Listen To Me Marlon a Must See on Showtime

ListenToMeMarlon_01.ROne of the best films of 2015 debuts on Showtime tonight at 9:00 p.m., and I urge you not to miss it. It will be aired in repeat broadcasts in the weeks ahead, so check your Showtime listings and On Demand as well.

Listen To Me Marlon is quite simply an extraordinary, mind-bending profile of Oscar®-winning actor/activist Marlon Brando, written, directed and edited by noted British documentarian Stevan Riley and produced by John Battsek for Showtime. The documentary had a brief theatrical release last summer, where and when I caught it for the first time. A second screening for this review only confirmed my original opinion that the film sits without question alongside the most innovative and outstanding work of Ken Burns, Fred Wiseman, the Maysles bros., Errol Morris, Andrew Jarecki, Michael Apted, Bill Jersey, Perry Miller Adato and D. A. Penneybaker, among the mighty few who have dared to re-imagine the nonfiction biographic film.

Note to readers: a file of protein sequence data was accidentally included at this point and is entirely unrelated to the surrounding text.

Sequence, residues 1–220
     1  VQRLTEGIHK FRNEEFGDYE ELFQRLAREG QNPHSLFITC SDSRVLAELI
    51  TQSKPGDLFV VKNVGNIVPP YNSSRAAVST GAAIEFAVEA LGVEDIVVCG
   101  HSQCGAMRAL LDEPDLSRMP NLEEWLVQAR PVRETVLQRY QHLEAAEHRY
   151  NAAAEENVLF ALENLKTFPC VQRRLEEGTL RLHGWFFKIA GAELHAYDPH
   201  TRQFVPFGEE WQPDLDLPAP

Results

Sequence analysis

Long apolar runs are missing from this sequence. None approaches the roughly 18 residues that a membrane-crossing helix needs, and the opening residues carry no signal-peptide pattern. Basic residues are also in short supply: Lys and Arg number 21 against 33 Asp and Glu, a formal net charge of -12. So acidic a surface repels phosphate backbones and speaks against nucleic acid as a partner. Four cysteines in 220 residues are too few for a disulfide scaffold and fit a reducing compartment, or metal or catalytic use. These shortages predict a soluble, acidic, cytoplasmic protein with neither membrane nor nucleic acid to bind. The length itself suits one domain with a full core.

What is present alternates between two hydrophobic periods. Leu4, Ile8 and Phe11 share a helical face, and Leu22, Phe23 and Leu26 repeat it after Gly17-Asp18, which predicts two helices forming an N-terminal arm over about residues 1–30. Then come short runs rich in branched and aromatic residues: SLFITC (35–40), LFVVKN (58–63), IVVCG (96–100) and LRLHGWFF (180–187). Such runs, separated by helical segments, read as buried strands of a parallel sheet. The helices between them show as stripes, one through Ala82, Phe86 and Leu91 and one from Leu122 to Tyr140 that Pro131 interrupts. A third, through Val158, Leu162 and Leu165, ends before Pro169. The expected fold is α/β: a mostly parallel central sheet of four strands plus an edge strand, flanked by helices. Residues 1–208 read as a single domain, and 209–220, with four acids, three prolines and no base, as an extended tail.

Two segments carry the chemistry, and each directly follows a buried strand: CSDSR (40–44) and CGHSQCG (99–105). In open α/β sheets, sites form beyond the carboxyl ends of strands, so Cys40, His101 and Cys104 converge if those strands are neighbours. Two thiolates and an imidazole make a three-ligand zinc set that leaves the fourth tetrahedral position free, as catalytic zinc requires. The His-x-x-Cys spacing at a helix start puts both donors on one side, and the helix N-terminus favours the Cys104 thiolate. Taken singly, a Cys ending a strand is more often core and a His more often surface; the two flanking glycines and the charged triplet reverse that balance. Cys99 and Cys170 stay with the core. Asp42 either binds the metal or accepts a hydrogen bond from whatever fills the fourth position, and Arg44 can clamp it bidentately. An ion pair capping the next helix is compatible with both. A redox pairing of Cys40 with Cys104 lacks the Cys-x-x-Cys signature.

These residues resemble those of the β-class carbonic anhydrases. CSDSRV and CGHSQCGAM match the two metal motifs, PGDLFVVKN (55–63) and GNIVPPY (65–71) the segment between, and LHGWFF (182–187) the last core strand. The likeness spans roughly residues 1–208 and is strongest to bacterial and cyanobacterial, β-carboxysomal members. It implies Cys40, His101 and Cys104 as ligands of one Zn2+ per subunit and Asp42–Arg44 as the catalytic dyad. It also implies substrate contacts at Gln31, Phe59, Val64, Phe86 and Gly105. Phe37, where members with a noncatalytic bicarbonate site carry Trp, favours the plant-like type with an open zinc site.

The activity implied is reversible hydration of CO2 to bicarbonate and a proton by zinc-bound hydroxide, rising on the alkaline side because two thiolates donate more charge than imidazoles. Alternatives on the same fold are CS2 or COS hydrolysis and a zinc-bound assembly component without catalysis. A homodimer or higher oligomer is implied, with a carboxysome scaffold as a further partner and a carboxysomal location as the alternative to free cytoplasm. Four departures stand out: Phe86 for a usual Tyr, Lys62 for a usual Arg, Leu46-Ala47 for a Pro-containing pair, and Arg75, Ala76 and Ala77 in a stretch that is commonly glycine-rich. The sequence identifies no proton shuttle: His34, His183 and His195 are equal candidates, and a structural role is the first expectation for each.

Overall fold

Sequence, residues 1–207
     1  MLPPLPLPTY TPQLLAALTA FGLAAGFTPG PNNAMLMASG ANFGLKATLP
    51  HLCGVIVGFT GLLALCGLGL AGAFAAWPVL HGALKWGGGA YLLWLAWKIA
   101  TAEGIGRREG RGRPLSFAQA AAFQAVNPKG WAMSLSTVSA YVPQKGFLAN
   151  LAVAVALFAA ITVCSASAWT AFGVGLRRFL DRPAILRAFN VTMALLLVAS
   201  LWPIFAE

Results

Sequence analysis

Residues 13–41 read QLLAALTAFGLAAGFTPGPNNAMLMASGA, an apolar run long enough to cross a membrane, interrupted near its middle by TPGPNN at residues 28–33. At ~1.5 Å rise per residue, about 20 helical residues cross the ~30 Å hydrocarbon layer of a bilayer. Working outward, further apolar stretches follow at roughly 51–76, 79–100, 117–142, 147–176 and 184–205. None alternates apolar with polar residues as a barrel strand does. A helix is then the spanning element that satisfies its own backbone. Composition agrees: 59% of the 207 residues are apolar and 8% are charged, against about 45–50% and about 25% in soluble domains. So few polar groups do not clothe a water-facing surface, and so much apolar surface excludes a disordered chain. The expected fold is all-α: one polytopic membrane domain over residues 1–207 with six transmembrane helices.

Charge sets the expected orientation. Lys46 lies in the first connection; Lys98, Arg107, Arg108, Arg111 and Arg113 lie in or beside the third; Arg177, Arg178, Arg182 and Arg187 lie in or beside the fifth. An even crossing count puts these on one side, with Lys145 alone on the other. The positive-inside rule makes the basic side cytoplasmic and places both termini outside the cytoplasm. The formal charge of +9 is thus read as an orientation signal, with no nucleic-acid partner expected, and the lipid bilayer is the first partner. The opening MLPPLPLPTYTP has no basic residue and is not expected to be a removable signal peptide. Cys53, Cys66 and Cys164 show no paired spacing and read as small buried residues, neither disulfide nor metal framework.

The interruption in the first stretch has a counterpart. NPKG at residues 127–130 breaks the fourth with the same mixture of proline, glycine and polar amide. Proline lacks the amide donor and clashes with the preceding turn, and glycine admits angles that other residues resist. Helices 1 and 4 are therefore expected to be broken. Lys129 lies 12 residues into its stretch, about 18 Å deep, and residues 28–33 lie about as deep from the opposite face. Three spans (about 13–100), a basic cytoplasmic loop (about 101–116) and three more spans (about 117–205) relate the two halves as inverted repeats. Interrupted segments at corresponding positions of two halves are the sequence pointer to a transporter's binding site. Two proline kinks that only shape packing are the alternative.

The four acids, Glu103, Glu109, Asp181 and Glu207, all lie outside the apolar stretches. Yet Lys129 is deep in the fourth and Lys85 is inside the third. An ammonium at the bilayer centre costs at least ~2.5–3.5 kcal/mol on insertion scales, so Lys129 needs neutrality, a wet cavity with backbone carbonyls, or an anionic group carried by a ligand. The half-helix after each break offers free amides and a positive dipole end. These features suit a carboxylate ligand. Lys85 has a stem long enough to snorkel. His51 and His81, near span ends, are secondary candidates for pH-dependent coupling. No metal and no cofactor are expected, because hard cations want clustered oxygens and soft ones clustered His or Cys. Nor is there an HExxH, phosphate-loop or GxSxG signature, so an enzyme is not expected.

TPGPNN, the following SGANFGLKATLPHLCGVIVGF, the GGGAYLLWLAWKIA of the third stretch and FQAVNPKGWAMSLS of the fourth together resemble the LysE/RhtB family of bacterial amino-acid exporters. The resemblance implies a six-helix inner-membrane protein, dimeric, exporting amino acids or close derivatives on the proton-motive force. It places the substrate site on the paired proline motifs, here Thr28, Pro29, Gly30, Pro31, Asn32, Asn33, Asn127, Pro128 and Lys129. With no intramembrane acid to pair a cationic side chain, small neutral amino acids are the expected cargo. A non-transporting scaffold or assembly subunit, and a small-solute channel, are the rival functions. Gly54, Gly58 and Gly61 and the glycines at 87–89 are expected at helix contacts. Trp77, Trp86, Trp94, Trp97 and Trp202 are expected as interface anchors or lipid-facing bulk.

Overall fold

Young Marlon on the beach. Photo courtesy Brando Estate/SHOWTIME.

Even as a youngster, Marlon Brando had a flair for the dramatic gesture. Photo courtesy Brando Estate/SHOWTIME.

Without a doubt, Listen to Me Marlon benefits greatly from Stevan Riley’s access to more than 200 hours of Brando’s own intimately recorded audio recordings. Brando apparently earmarked this material for a future film of his own. He was determined to set the public record straight about the myths that defined and defiled him during his mercurial acting career, personal life and political activism.